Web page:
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|Articles - June 2010|
|Thursday, May 27, 2010|
GILLIAM COUNTY When the Pentagon blocked construction of the $2 billion Shepherd’s Flat Wind Farm because turbines could scramble aircraft radar at a facility in Fossil, Oregon’s congressional delegation went to bat for the state’s economy.
Senator Ron Wyden met in person with Defense Secretary Robert Gates to emphasize the economic significance of the 400 sorely needed jobs Shepherd’s Flat would provide. Wyden and Senator Jeff Merkley blocked the nominations of three Department of Defense positions until the moratorium was lifted on April 30. The Pentagon also agreed to upgrade its 40-year-old radar technology in Fossil, although that doesn’t guarantee similar concerns won’t surface in the future.
Many wonder why the Department of Defense saved its objection for the 11th hour. Dorothy Robyn, deputy undersecretary of defense, says national security issues are typically raised at the end of the process.
But people who were involved in the process and asked for anonymity for fear of endangering future projects question whether the Pentgon intentionally raised its objections late in the process, to bargain for funding to upgrade the Fossil facility. Defense has approved similar wind farms in the vicinity of the Fossil facility, but those projects had less economic significance. Did the Pentagon use its power over Shepherd’s Flat as a strategic bargaining chip?
Robyn denies political games were played. Critics argue otherwise.
“The solution was absolutely political,” says Paul Woodin, the Community Renewable Energy Association’s executive director.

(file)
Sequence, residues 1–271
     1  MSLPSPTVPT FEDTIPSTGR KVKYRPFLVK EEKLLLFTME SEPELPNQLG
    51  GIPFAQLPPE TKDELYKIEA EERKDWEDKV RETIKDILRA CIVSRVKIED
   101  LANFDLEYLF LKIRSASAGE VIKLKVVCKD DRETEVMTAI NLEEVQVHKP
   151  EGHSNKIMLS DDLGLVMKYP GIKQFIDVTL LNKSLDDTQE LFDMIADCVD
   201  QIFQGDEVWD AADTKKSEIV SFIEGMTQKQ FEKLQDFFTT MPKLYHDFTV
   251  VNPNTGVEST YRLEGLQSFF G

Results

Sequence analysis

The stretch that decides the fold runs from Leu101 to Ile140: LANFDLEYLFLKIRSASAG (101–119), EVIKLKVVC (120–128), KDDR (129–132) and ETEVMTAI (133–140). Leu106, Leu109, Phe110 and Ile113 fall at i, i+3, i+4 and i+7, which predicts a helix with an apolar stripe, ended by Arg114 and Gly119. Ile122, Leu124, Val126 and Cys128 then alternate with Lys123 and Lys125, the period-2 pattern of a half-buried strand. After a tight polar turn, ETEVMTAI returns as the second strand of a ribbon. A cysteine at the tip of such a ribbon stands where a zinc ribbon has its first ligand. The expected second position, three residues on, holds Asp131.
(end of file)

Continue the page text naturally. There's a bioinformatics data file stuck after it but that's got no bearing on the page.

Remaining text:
Thursday, June 18, 2015
While most categories of commercial real estate have performed well, one of the most robust has been apartment buildings.
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Revenues in Oregon's private, for profit sector maintained solid growth as the economy continued to rebound.
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One year after he was appointed chair of the Portland Development Commission, Tom Kelly talks about PDC's longevity, Neil Kelly's comeback and his new role as Portlandia's landlord.
Tuesday, July 14, 2015
The Big One serves as an allegory for Portland, a city that earns plaudits for lifestyle and amenities but whose infrastructure is, literally, crumbling.
Monday, July 13, 2015
BY KIM MOORE | PHOTOS BY JASON E. KAPLAN
A New York floral and gift business takes on the iconic Harry & David brand.
Thursday, July 09, 2015
The sweltering weather didn't keep the crowds away. Although the numbers were down slightly from last year, the Oregon Food Bank raised $850,636 to fight hunger. About 80,000 people attended despite temperatures in the upper 90s.
Wednesday, June 17, 2015
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